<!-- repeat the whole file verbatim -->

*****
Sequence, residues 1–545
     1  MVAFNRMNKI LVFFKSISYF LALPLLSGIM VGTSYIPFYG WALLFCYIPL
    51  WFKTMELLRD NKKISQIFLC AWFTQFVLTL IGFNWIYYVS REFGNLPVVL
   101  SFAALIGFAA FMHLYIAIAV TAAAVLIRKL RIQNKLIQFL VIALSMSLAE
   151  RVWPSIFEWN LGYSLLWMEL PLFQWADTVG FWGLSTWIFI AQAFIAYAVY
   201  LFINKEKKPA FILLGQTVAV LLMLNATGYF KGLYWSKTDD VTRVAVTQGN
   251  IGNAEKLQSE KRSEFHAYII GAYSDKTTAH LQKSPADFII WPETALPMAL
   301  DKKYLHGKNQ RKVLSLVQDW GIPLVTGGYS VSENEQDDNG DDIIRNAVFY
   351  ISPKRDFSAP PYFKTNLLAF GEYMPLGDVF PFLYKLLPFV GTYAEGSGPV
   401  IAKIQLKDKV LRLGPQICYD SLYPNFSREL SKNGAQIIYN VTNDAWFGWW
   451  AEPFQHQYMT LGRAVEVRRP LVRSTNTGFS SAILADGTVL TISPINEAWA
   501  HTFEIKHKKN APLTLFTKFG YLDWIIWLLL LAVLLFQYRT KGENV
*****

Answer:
Sequence, residues 1–545
     1  MVAFNRMNKI LVFFKSISYF LALPLLSGIM VGTSYIPFYG WALLFCYIPL
    51  WFKTMELLRD NKKISQIFLC AWFTQFVLTL IGFNWIYYVS REFGNLPVVL
   101  SFAALIGFAA FMHLYIAIAV TAAAVLIRKL RIQNKLIQFL VIALSMSLAE
   151  RVWPSIFEWN LGYSLLWMEL PLFQWADTVG FWGLSTWIFI AQAFIAYAVY
   201  LFINKEKKPA FILLGQTVAV LLMLNATGYF KGLYWSKTDD VTRVAVTQGN
   251  IGNAEKLQSE KRSEFHAYII GAYSDKTTAH LQKSPADFII WPETALPMAL
   301  DKKYLHGKNQ RKVLSLVQDW GIPLVTGGYS VSENEQDDNG DDIIRNAVFY
   351  ISPKRDFSAP PYFKTNLLAF GEYMPLGDVF PFLYKLLPFV GTYAEGSGPV
   401  IAKIQLKDKV LRLGPQICYD SLYPNFSREL SKNGAQIIYN VTNDAWFGWW
   451  AEPFQHQYMT LGRAVEVRRP LVRSTNTGFS SAILADGTVL TISPINEAWA
   501  HTFEIKHKKN APLTLFTKFG YLDWIIWLLL LAVLLFQYRT KGENV